NEW YORK ( TheStreet) -- When looking at tech and retail giant Amazon.com (AMZN - Get Report), several things come to mind.
Not only is it without question one of the best companies of this era, but in Jeff Bezos it has one of the top three visionary CEOs in the entire market. But the stock is expensive by many standards.
With a price-to-earnings ratio of more than 300, investors are betting that the company can execute to perfection. After all, anything less can't support what its valuation presumes.
On one hand, there aren't many companies the size of Amazon that is producing the level of growth it has demonstrated.
But as well as it might be performing today in the face of increased competition from
and, on the retail side,
, I think it is prudent for investors to wonder whether Amazon can defy gravity forever.
In other words, can it grow into its valuation -- metrics that include expectations imposed by the Street regardless of how outrageous they may be?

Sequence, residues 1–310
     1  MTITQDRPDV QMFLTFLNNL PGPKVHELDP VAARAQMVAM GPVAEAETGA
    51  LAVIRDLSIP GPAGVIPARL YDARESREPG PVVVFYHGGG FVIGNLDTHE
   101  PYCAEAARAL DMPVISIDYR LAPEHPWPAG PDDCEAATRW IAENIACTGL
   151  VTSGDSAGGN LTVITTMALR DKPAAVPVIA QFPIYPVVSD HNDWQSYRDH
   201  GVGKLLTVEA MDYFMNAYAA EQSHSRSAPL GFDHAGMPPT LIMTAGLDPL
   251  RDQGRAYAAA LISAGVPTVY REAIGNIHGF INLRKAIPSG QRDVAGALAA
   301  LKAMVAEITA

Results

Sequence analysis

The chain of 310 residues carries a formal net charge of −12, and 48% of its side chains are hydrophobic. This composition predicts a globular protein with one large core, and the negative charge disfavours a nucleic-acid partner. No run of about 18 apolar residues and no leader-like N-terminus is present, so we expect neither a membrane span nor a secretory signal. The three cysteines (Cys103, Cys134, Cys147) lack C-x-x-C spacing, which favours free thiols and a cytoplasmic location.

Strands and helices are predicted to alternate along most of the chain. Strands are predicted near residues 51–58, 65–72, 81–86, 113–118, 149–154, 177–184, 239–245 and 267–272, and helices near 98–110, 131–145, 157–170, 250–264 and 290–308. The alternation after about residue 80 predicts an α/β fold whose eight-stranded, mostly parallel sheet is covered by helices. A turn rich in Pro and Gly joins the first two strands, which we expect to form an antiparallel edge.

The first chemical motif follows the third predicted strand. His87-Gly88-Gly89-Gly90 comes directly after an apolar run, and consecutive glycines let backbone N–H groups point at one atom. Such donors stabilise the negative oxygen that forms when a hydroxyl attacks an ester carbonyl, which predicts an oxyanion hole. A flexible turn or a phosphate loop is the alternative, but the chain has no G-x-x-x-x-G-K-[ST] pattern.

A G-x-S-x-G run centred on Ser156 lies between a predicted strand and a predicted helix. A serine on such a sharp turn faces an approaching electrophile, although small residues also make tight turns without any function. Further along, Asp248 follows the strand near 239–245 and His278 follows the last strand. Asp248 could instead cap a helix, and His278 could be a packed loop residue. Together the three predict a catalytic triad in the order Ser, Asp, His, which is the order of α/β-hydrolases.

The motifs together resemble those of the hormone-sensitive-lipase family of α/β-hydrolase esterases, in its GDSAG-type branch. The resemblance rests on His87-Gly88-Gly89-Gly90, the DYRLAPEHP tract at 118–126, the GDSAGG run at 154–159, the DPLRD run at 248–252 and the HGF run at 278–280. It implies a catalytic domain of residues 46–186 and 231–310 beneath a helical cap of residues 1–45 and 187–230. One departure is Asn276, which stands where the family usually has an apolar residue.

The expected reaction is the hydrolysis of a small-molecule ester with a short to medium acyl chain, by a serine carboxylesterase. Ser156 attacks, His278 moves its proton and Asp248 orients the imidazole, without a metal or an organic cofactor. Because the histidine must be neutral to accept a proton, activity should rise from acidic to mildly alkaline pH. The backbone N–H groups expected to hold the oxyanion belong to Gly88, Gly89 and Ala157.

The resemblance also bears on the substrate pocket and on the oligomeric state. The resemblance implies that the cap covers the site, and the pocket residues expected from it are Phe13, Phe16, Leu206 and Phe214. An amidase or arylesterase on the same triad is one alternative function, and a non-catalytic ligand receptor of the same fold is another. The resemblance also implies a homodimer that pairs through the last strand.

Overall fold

For example, in its most recent quarter, the company reported 1 cent per share on revenue of $12.83 billion, in line with analysts' expectations.
However, while revenue soared by almost 30%, earnings per share fell dramatically by 97% year over year. What's more, over the past five quarters, the company has logged an average of 38.5% revenue growth while net income has dropped by an average of 54% annually during that same span.
In spite of this trend, not only has the stock been up as much as 52% this year but, more impressively, it has surged more than 180% over the past three years. Most stocks would have gotten punished for bottom-line trends of this sort. As much as Wall Street seems to love to complain about valuation, in this case Amazon seems to get a free pass. Why? How long will revenue growth be enough absent meaningful EPS results?
Is Reality Kicking In?
That analysts have started to pare Amazon's third-quarter estimates should be a welcome sign that perhaps the company can't defy gravity forever. Current earnings per share estimates (on average) are now at 12 cents vs. the previously anticipated mark of 24 cents. What's more, over the past three months, the company's average estimate of $1.36 per share for the current fiscal year has now been trimmed to $1.21.